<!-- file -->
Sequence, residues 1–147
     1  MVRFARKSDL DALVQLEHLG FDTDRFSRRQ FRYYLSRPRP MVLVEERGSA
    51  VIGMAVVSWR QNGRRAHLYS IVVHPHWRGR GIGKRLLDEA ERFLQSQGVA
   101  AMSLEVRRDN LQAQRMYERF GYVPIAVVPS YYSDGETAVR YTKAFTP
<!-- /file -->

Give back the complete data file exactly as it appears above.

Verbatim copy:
Sequence, residues 1–147
     1  MVRFARKSDL DALVQLEHLG FDTDRFSRRQ FRYYLSRPRP MVLVEERGSA
    51  VIGMAVVSWR QNGRRAHLYS IVVHPHWRGR GIGKRLLDEA ERFLQSQGVA
   101  AMSLEVRRDN LQAQRMYERF GYVPIAVVPS YYSDGETAVR YTKAFTP